. A metal boyband? A flash in the pan? True
saviours of modern metal or an amalgamation of all the ingredients needed to make soulless music in a popular style? Well, the future will undoubtedly allow some important hindsight, and maybe they will turn out to be a classic outfit and revered. Maybe not. What is important is evaluating what they produce here and now, and before I hear their newest release ‘Shogun
’ I wanted to review ‘The Crusade
’, their third album and their ‘Master
of Puppets’ first.Well, that isn’t a fair comparison, comparing something contemporary to such a classic release but there are definitely similar points. Matt Heafy’s voice is now so Hetfield-esque it hurts. The arrangements and writing is of a similar standard of complexity but whereas Metallica
achieved this with dazzling results, Trivium
’s attempt seems to be a mixture of cobbled together riffs that all seem rather similar, like you’ve heard them before. ‘And Sadness Will Sear
’ sounds like a collection of riffs Nevermore left on their studio floor, and ‘Anthem
(We Are the Fire
)’ has a painful live Metallica
style ‘Whoa Whoa’ singalong section that works in an arena with 50,000 people but on record sounds tacky and boring.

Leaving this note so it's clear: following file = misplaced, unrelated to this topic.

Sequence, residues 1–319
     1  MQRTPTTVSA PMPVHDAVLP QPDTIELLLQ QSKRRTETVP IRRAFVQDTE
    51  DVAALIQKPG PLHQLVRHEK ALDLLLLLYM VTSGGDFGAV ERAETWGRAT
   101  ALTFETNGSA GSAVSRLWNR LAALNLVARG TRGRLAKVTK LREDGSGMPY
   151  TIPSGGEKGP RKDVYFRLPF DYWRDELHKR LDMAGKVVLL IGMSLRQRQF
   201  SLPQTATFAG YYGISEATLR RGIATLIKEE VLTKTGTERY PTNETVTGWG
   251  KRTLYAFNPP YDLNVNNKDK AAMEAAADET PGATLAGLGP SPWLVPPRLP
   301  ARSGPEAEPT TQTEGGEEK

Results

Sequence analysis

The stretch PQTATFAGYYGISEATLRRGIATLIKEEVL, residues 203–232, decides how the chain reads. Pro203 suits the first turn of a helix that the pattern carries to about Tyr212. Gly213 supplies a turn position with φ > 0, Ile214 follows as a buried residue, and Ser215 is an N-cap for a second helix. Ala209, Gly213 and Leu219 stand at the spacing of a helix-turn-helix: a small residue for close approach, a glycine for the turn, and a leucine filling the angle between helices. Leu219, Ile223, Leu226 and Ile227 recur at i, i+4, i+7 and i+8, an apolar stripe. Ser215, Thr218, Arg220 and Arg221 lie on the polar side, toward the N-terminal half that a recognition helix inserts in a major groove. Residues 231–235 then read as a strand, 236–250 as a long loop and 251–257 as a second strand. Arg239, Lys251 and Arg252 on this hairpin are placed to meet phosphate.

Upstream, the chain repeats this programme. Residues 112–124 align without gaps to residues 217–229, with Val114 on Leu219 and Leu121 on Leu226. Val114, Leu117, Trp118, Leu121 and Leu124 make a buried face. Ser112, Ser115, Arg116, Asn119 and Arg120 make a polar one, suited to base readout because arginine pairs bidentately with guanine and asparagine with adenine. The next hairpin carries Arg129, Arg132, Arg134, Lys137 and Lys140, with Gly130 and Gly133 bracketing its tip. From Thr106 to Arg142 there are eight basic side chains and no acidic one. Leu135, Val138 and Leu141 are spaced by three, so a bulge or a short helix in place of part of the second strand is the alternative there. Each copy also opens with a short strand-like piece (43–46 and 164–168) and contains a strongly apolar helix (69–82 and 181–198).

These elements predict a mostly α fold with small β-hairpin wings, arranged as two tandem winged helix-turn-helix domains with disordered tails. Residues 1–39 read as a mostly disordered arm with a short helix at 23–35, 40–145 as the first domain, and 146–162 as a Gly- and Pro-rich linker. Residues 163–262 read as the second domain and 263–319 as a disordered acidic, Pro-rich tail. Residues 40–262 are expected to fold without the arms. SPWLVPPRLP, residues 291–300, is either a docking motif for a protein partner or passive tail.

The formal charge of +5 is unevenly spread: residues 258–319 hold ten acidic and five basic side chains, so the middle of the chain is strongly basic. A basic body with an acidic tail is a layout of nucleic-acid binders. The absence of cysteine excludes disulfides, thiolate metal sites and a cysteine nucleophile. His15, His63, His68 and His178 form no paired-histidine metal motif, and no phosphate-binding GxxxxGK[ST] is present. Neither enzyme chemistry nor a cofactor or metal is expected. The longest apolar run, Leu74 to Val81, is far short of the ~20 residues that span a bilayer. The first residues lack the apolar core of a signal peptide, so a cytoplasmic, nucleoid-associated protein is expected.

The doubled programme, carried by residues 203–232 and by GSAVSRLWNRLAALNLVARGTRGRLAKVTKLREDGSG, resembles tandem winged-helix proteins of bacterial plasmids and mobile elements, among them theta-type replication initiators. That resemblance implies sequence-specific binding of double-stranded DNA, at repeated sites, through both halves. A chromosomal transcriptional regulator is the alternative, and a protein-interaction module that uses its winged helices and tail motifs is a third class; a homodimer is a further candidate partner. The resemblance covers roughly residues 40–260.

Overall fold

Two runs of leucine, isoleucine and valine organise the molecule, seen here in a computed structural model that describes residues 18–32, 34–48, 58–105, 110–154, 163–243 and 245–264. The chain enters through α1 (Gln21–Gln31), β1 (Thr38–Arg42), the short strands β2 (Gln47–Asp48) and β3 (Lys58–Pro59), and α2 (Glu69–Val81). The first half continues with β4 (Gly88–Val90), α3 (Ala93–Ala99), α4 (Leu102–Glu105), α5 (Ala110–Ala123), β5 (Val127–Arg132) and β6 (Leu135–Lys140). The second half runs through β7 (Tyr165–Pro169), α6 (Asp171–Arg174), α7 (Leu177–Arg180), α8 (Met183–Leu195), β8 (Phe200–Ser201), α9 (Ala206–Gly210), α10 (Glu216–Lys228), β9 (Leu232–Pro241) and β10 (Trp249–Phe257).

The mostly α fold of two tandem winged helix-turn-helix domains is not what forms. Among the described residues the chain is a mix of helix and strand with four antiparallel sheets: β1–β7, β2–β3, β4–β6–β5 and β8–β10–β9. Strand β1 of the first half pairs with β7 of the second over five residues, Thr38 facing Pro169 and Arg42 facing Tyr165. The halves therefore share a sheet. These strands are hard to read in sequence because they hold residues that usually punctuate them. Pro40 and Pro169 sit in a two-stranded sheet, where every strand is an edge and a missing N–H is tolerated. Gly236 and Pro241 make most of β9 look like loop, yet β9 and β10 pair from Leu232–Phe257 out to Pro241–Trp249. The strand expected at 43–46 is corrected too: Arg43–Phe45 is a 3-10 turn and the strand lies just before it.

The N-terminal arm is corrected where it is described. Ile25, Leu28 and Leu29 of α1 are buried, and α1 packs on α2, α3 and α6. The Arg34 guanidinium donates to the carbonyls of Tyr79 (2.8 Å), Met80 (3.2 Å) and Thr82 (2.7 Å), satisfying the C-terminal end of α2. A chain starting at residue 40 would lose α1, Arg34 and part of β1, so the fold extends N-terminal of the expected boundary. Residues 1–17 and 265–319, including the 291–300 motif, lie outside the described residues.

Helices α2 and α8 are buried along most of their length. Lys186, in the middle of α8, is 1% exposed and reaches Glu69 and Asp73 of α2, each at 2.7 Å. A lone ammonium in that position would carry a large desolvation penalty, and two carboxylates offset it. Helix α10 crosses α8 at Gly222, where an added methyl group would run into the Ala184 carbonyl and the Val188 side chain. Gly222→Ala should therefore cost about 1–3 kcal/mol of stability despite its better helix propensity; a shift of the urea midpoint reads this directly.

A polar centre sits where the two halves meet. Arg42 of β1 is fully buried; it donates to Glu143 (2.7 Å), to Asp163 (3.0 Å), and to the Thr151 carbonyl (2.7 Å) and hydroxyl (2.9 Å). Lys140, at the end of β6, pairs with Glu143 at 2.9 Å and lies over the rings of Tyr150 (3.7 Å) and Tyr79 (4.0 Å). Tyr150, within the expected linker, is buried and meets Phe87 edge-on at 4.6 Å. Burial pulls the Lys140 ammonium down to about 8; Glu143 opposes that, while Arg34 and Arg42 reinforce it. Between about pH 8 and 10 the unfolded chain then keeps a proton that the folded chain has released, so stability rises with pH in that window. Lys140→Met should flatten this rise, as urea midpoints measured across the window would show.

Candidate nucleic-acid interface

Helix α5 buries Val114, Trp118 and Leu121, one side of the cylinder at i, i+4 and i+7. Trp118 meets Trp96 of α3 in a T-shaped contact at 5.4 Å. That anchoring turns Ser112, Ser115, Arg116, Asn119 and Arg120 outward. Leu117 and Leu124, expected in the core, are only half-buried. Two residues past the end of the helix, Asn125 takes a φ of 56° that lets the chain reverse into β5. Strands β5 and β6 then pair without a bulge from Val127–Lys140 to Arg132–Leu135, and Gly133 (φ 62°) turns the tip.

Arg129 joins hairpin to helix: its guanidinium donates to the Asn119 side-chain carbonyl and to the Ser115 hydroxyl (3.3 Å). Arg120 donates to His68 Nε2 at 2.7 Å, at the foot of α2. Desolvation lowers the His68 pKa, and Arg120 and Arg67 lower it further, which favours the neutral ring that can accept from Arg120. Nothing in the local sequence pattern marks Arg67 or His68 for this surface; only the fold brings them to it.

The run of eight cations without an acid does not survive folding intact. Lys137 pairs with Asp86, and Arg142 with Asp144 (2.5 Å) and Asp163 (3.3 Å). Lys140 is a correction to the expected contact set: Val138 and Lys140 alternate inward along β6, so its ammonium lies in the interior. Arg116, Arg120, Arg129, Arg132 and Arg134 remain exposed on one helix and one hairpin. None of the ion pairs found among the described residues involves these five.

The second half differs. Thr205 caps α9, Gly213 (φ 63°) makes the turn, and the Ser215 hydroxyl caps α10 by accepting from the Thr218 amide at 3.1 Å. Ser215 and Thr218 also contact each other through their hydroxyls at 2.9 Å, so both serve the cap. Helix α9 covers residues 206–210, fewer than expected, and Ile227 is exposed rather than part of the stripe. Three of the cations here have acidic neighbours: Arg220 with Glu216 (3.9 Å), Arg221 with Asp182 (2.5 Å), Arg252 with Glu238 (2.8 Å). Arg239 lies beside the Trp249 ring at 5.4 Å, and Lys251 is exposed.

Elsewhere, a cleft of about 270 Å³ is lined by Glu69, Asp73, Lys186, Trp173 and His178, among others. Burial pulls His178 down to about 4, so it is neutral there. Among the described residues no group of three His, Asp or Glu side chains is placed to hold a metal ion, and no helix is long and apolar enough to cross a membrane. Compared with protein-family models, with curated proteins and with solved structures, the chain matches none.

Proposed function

It is also a shame that Heafy seems to have left his metalcore scream on ‘Ascendancy’, and the band have moved from metalcore breakdowns to pure straightforward thrash, however impressive some of the riffing sections are. ‘Ignition’ and ‘Detonation
’ are good opening tracks, but the vocals and attempt at trying to write some socially aware lyrics begin to grate very quickly and by the time ‘Anthem
…’ begins at track 4, it has already become very old. The whole album leaves you with the feeling of deja vu, like you’ve heard this style and riffing before but better done. And
‘This World Can’t Tear Us Apart’ is just ‘Dying
in Your Arms’ rewritten, whatever the band may claim. It contains the same radio-friendly massive choruses and sound that ensured its predecessor was a big hit for the kids.
I have heard better things of ‘Shogun
’, but after two good to great metalcore albums ’From Ember to Inferno
’ and ‘Ascendancy’, ‘The Crusade
’ was a pretty big let down. Poor lyrics, rehashed thrash riffs and ideas and an almost copyright infringing vocal performance make this one to miss. Pick up ‘Ascendancy’ if you want to hear how good this band can be.